Wai! As the political campaigns go full swing, the people are slowly beginning to realise the nuances of politicking.
The political parties visiting only the major vote banks have left the people in the sparsely populated hamlets feeling that they have little role to play in the political process.
To some extent it is justifiable that the parties should target the bigger vote banks this time round because the voters will choose among the parties and not the candidates. But the same groups of people whose votes the parties deemed insignificant will vote for candidates in the general election. And we know a single vote could decide who is elected and who is not.
If Gasa was the deciding factor in disqualifying a party from contesting the elections, we must understand that participation even from the remotest places is as important as those from more populous ones.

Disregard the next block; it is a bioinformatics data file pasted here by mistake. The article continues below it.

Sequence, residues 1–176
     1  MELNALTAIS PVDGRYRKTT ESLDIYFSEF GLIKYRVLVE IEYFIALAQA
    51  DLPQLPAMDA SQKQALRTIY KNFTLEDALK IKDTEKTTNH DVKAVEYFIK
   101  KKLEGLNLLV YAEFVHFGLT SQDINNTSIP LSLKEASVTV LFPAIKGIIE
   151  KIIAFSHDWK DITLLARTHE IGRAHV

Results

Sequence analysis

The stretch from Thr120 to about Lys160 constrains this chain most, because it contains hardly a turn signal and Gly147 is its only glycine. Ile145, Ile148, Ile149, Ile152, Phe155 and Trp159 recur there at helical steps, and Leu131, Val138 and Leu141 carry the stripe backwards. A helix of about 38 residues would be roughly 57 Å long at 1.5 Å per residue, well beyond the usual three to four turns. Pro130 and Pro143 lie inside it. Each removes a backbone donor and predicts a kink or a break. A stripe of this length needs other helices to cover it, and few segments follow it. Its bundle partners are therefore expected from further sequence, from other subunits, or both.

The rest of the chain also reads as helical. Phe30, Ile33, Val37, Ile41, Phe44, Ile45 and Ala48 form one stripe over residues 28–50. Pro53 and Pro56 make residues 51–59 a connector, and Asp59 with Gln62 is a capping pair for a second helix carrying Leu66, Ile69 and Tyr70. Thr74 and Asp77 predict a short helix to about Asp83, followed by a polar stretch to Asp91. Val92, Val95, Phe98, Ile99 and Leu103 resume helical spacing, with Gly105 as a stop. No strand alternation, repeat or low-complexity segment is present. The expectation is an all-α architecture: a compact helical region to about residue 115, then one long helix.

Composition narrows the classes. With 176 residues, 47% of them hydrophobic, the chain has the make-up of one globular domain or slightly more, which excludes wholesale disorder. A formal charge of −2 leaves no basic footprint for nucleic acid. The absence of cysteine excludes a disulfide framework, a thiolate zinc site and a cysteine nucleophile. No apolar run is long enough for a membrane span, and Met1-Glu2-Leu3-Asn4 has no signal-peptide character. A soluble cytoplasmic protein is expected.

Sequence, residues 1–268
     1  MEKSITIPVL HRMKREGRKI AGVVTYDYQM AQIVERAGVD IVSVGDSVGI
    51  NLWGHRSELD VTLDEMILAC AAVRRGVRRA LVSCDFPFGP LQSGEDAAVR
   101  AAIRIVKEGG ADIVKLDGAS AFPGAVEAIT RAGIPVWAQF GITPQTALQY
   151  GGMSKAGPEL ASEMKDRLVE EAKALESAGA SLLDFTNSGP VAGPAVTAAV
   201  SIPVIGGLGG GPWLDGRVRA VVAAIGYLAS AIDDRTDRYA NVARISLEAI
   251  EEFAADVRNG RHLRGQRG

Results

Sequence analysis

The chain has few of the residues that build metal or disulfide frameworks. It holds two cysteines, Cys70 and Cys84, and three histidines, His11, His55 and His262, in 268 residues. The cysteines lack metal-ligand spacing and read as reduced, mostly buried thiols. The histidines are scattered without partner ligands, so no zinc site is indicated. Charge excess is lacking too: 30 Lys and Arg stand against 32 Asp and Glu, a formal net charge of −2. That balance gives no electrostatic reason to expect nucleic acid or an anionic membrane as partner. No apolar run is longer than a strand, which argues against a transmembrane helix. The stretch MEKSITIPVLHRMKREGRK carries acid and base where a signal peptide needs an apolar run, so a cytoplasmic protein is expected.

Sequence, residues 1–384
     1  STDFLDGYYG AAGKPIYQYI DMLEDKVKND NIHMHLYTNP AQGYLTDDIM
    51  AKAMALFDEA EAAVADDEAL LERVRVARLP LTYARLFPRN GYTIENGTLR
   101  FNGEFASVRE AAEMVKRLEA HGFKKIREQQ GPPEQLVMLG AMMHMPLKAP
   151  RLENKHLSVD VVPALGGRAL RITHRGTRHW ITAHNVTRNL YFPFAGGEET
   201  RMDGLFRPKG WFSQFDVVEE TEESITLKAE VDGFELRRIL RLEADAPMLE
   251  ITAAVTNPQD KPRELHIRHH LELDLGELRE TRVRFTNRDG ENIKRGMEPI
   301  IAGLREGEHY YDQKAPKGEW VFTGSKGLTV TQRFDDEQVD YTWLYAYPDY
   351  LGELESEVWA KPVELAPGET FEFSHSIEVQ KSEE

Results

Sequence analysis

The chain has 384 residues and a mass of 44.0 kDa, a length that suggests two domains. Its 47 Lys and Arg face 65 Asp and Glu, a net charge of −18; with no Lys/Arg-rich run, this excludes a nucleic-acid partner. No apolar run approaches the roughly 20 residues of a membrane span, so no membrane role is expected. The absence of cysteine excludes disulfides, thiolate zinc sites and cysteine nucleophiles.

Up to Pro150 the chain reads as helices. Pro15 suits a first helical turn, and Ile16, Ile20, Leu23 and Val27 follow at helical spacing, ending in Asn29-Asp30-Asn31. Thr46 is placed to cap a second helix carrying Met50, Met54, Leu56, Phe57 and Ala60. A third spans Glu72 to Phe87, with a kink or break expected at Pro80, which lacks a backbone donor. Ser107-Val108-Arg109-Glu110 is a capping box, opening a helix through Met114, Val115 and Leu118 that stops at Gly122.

People are already beginning to speak in undertones that even the less-peopled constituencies merit equal amount of voter education in terms of the parties’ manifestoes and ideologies so that they make informed choices. People say that parties could be sowing seeds of regional segregation, unintentionally though, by giving more importance to some places than the others.
In a small country where one is related to everyone, one way or the other, even an unintended differentiation could prove extra sensitive. As we near the primary round of elections, this should serve as a good food for thought.